Anarchist Seeds Beneath the Snow: A Publishers Weekly Review

Anarchist Seeds beneath the Snow: Left-Libertarian Thought and British Writers from William Morris to Colin Ward

Publishers Weekly
February 6th, 2012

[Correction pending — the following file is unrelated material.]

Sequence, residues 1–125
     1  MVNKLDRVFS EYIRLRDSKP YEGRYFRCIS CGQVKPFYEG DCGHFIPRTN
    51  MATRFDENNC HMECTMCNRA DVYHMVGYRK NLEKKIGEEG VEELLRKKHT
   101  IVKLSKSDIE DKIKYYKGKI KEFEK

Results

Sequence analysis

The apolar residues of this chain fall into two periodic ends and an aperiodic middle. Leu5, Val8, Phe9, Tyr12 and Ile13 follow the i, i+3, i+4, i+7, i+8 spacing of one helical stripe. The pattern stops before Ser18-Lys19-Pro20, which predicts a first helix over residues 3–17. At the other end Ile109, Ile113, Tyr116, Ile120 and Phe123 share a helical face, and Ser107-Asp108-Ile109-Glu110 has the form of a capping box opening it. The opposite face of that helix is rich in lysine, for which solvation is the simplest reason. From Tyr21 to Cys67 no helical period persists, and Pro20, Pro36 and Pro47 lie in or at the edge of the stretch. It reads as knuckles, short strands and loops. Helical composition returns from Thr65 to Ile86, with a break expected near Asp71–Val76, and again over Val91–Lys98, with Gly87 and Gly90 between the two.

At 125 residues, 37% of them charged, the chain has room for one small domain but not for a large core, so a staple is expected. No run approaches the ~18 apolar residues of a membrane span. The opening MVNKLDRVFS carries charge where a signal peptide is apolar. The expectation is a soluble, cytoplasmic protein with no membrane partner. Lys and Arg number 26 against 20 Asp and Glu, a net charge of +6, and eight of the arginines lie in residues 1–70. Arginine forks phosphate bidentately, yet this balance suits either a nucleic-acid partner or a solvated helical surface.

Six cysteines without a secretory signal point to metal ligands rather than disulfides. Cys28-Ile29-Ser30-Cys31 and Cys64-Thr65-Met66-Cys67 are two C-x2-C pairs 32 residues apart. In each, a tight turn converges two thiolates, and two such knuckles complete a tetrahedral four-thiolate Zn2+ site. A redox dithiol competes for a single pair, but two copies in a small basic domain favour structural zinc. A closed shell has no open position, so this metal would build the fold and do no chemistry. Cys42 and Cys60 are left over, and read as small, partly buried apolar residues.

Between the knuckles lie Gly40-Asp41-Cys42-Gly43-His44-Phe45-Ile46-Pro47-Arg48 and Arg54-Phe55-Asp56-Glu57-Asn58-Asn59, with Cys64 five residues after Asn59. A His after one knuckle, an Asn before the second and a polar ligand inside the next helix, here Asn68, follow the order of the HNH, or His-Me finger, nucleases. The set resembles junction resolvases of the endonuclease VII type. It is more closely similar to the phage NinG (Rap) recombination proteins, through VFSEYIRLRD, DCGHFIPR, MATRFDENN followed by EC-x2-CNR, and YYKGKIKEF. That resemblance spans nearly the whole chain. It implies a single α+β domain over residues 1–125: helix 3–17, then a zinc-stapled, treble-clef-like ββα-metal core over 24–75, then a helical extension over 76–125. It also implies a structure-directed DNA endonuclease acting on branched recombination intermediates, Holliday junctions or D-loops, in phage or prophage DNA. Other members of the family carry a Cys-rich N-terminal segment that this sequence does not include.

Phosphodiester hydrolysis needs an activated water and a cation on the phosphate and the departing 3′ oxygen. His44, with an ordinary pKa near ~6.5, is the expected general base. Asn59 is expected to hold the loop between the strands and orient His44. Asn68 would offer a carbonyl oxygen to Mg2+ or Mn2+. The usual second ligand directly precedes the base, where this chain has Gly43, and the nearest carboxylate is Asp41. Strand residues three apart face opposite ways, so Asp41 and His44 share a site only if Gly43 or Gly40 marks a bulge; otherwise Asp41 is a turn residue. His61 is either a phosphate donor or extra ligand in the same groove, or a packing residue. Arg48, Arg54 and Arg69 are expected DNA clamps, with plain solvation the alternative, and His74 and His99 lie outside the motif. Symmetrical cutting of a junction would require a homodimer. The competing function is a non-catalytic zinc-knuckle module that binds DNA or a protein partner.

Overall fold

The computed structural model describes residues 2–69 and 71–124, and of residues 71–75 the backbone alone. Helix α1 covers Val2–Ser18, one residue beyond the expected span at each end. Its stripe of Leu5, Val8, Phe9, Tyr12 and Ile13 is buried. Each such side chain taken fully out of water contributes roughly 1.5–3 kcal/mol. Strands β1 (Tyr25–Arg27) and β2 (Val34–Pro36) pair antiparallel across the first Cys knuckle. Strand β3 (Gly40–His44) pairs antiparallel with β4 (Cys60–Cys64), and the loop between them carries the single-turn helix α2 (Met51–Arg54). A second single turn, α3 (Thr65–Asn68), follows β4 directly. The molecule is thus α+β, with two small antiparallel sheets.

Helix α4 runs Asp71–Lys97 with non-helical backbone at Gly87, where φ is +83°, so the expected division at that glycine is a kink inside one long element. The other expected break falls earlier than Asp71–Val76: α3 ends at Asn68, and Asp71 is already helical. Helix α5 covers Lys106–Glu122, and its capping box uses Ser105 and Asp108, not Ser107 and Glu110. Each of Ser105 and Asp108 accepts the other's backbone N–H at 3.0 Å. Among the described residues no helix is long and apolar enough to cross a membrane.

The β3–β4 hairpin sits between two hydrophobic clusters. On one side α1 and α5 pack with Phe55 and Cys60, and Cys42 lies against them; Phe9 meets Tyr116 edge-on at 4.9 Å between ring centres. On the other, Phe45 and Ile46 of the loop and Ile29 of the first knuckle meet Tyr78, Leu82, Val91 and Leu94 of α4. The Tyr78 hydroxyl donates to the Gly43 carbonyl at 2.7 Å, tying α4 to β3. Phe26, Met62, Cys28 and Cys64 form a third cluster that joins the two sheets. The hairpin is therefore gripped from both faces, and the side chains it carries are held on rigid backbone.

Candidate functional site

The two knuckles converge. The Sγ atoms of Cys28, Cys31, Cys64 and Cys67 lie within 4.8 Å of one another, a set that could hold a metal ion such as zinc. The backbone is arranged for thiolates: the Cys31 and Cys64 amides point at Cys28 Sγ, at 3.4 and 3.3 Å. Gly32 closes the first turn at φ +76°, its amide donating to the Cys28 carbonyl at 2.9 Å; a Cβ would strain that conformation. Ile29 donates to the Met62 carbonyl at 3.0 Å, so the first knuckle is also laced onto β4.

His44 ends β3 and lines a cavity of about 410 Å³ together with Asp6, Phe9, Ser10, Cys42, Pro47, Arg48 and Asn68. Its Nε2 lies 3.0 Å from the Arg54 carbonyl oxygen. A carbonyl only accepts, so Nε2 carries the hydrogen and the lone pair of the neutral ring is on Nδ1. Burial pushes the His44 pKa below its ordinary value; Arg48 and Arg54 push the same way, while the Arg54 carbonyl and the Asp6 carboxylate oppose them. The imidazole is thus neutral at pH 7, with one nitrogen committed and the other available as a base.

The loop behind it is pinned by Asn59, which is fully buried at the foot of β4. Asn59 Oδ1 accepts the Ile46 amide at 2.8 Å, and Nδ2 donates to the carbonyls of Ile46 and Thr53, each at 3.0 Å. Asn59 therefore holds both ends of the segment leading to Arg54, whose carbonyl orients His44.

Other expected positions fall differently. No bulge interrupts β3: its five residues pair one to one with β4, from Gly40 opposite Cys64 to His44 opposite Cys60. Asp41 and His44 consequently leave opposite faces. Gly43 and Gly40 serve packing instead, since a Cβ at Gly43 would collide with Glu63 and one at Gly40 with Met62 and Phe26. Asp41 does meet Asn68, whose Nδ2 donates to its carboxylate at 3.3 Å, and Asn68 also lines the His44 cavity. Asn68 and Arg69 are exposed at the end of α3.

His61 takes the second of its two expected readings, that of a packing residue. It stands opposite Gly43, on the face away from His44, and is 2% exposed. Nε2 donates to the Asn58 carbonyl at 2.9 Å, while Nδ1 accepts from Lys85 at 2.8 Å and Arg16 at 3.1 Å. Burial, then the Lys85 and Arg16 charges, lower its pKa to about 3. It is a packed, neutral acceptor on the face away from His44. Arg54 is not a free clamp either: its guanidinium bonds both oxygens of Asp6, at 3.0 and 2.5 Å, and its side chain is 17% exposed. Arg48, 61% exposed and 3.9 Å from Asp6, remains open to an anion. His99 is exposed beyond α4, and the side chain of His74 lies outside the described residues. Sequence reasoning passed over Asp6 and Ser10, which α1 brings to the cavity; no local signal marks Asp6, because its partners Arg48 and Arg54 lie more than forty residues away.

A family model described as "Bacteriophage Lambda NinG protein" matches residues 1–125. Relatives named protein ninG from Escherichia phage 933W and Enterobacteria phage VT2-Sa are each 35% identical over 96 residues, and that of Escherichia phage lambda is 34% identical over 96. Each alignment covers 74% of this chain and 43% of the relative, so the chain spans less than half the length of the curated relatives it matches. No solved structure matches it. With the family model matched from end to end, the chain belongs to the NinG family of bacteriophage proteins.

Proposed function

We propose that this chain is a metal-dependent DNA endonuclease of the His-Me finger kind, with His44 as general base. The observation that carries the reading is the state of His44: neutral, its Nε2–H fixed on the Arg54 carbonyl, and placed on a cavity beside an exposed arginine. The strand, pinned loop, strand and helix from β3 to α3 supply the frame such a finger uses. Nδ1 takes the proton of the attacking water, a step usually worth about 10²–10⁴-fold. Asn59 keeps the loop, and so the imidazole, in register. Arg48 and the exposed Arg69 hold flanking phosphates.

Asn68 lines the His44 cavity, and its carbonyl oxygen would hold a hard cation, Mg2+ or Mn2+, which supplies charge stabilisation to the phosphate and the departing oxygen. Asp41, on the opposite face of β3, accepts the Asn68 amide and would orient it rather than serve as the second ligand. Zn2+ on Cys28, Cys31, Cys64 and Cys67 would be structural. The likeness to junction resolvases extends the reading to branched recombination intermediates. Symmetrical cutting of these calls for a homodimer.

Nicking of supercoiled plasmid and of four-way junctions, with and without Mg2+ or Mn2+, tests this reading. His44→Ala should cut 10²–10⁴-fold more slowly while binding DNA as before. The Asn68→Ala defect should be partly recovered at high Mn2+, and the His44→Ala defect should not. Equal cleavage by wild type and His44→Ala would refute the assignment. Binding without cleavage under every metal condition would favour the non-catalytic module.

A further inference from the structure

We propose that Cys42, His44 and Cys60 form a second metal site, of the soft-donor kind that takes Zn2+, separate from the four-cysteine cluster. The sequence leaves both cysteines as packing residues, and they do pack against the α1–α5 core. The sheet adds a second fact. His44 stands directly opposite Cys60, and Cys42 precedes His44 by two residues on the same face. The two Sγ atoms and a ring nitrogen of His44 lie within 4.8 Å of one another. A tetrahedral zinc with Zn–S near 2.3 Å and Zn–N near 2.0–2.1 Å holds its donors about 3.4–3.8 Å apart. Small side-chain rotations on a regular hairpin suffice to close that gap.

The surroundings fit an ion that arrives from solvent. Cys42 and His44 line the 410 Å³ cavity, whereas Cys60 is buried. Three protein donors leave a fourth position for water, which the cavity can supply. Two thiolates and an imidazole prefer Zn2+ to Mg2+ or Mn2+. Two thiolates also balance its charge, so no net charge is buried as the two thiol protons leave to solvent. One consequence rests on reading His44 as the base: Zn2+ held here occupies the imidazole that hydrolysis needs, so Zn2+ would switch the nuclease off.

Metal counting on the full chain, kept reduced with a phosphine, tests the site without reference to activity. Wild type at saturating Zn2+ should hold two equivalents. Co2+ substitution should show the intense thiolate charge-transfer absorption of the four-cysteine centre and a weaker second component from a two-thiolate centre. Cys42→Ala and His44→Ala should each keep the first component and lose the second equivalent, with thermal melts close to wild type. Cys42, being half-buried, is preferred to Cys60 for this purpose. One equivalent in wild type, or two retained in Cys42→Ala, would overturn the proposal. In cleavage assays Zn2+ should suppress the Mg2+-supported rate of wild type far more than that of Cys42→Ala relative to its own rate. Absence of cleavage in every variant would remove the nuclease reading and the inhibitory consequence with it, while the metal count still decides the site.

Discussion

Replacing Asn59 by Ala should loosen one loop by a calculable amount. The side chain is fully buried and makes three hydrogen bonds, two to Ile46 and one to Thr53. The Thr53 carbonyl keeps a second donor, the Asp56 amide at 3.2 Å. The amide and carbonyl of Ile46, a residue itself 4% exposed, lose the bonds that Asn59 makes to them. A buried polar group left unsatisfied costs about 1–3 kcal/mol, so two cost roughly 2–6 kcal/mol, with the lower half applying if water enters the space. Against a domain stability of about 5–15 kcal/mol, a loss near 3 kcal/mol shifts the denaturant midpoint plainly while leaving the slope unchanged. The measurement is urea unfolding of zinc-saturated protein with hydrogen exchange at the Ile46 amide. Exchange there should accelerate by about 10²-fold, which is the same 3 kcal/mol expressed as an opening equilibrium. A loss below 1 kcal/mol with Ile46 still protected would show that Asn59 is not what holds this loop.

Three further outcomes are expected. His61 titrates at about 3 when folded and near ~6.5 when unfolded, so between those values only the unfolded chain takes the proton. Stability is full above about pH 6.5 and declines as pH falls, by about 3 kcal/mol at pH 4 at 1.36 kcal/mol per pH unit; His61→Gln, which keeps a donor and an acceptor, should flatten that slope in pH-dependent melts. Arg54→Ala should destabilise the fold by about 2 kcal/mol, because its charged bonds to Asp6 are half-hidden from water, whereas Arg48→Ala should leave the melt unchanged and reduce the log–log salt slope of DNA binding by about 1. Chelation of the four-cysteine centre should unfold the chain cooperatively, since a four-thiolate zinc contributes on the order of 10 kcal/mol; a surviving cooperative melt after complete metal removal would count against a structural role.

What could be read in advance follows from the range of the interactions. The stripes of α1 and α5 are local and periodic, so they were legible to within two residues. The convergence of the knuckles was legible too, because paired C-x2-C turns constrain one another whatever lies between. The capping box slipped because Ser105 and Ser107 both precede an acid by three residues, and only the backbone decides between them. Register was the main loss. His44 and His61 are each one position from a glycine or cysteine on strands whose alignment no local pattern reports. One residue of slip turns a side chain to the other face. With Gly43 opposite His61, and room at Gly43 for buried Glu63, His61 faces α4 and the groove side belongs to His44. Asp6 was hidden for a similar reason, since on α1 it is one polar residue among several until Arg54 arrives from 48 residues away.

Known for an enduring fondness for queen and country, the British Isles seem an unlikely place to uncover practicing anarchists. Goodway’s closer inspection, however, reveals a latent but persistent strain of left-libertarian thought stretching from the Victorian era to the Blair years. Alternating seamlessly between literary criticism and social history, this elegant study of militant ideas reveals a rousing and tragic tradition with more than its share of martyrs, sinners, and saints. Though often conflated with terrorism and mere chaos, anarchism, Goodway (editor of Damned Fools in Utopia: And Other Writings on Anarchism and War Resistance) makes clear, has been a positive political philosophy advocated by a variety of writers, scholars, and theorists who represent more of a “community of thought” than a coherent school. Though not exactly comrades—George Orwell denigrates William Morris as a “utopian dreamer”; Morris refers to Oscar Wilde as “an ass”—Goodway effectively joins these and other thinkers into a loose federation of belief, demonstrating their importance to British history and global radicalism. The book is a call to action. “These seeds need to germinate,” Goodway writes, “to put forth shoots and buds, eventually to flower, if there is to be any chance of a decent life for humans in the future.” Spring may finally be approaching.

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